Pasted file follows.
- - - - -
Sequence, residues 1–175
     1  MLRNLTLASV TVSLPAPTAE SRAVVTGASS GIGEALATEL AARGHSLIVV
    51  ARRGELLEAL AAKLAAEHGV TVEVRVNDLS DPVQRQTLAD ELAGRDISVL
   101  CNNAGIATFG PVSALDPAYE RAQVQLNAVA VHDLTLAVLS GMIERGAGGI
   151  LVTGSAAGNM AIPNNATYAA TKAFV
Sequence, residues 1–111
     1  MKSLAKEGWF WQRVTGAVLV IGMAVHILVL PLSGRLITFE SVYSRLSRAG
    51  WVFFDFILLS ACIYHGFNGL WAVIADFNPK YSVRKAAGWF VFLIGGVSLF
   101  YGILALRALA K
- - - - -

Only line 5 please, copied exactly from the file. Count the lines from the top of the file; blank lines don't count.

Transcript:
   151  LVTGSAAGNM AIPNNATYAA TKAFV